YOUNG ISRAELI guitarist Nitzan Bar wows the crowd at the Red Sea Jazz Festival in Eilat..
(photo credit: BARRY DAVIS)
The sixth edition of the winter version of the Red Sea Jazz Festival is done and dusted and, it is fair to say, it was probably the best thus far. Perennial artistic director Dubi Lenz is primarily a world music aficionado and, as such, takes a broad view of music in general.
While that means he tends to “stray” beyond the recognized confines of jazz – and there is plenty of grey territory in around the genre’s perimeter – it also offers the Eilat audiences a wide range of sounds, colors and intent to enjoy.
The three-dayer lineup featured straightahead jazz, Cuban sounds, Middle Eastern material, voodoo music, pop-oriented slots and much more betwixt. Principal among the more orthodoxly- minded jazz bands was the US trio of Hammond organist Larry Goldings, guitarist Peter Bernstein and drummer Bill Stewart. Each of the players was clearly at the top of his game and they churned out a polished repertoire of jazz numbers, naturally underscored by the ever luxuriant textures of the Hammond.
There was something for just about everyone and, at the risk of sounding a mite parochial, the Israeli bands – long-term foreign residency notwithstanding – were the real stars over the weekend. The quartet led by 35-yearold Ukraine-born, Israeli-bred, US-based pianist Ruslan Sirota wowed the packed Royal Beach Hotel audience with a scintillating spread of jazz standards, workings of Israeli numbers and original scores. Sirota has been living in the States since 1999, when his Eilat gig guitarist Nitzan Bar was hardly knee high to a grasshopper. As the leader noted in a between-numbers quip, it was fortunate that the show took place on a Friday evening, otherwise Bar would have had to be tucked up in bed at a decent hour as he would have had to be at school in the morning.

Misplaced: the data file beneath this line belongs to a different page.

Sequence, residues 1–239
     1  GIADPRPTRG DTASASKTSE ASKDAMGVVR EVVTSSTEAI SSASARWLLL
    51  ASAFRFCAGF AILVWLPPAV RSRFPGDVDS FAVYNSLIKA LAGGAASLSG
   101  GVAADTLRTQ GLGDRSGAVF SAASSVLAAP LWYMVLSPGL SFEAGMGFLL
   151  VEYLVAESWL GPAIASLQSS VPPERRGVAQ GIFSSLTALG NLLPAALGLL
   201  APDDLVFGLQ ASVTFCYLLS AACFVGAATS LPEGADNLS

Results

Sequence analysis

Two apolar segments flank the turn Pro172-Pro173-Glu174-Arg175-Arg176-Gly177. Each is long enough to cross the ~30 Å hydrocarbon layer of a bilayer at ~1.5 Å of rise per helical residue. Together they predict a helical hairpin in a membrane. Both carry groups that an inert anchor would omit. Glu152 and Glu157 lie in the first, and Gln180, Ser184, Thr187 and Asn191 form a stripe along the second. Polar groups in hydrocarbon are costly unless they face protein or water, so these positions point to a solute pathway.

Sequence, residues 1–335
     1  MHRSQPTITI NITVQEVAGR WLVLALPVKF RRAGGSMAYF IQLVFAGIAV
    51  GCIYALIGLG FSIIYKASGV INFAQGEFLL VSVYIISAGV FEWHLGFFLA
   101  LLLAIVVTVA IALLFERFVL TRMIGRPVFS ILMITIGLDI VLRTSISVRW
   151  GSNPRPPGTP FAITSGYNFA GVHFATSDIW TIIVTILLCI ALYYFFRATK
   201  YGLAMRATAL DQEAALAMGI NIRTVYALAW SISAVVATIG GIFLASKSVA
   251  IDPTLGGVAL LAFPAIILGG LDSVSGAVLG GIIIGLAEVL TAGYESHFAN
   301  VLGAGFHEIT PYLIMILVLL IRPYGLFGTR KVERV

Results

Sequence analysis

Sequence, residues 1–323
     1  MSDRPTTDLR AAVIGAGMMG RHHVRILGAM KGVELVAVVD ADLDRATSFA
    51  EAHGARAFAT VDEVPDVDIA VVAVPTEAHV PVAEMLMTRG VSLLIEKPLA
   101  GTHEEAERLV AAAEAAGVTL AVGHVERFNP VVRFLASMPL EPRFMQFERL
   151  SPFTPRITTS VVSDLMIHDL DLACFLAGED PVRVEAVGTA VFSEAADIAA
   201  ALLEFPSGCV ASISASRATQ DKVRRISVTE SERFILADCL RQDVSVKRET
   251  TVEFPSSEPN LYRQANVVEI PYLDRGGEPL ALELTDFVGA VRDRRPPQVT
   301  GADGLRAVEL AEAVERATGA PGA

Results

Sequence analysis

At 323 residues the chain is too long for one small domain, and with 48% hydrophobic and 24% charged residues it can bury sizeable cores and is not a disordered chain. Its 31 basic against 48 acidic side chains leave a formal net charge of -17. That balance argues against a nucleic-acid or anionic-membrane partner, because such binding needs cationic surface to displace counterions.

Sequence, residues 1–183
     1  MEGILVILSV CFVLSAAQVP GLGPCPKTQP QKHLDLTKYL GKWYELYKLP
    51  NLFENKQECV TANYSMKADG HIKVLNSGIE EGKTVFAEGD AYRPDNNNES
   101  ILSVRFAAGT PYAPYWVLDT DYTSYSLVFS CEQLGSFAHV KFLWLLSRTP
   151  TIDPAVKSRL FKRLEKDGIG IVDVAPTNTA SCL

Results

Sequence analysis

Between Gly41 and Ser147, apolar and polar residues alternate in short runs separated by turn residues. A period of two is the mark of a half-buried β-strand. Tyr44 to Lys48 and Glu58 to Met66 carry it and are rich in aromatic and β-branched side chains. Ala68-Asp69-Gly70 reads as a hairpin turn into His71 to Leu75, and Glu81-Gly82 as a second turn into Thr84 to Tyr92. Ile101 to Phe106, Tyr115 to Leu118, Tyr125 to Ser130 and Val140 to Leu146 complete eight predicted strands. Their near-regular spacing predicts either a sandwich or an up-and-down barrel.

Playing jazz is not just a matter of getting the notes played in the right order, or even making sure you are simpatico with your pals on the stage; you have to bring something to the table, something of your very own. Naturally, as the years pass one should have more to offer in that department. Where 17-year-old Bar gets such maturity, and the ability to spin such fascinating yarns on his guitar is anyone’s guess, and a wonder to behold. The fact that the quartet, which also included bassist Gilad Abro and drummer Amir Bresler, is really an ad hoc outfit – Sirota does not come over here very often – made their seamless performance even more impressive.
Also up there with the festival gems was the five-piece DogCat Ensemble led by longtime New Yorker accordionist Uri Sharlin, whose mostly Stateside-based Israeli lineup took in a broad swath of musical directions. The concert program ran the gamut of Brazilian material to Yemenite and rock motifs – guitarist Yonatan Albalak and drummer Dan Aran provided much of the latter, while flutist Itai Kriss kept the Latin flag flying high. Sharlin is clearly adept at writing charts, and his strong arrangements provided a solid substratum for the band to take delightful flight.
Meanwhile, the duo of Turkey-based Israeli percussionist-oud player Yinon Muallem and New York resident pianist Guy Mintus proffered sounds and sensibilities from closer to home.
Muallem is a master of Arabic and Turkish music, while Mintus unfurls blues-infused jazz and Middle Eastern lines with consummate and natural ease.
Also worthy of mention is the Voodoo Jazz trio of French-born saxophonist Jacques Schwarz- Bart, along with Haitian percussionist Claude Saturn and singer-dancer Moonlight Benjamin.
There was a strong spiritual element to the threesome’s show, delivered with a gentle smile but also with the requisite amount of emotional input.
On the downside, Cuban pianist Alfredo Rodriquez appeared intent on cramming as many notes and calisthenics as possible into as few bars as possible – although his bass player Reinier Ruano played a captivating solo – while Austrian pianist David Helbock’s Random/Control appeared to be closer to a circus act than an artistic statement. The Slixs a cappella sextet from Germany was not one of Lenz’s better commissions either – much ado about nothing would be an apt epithet for their show – but, all in all, the festival promised much and delivered.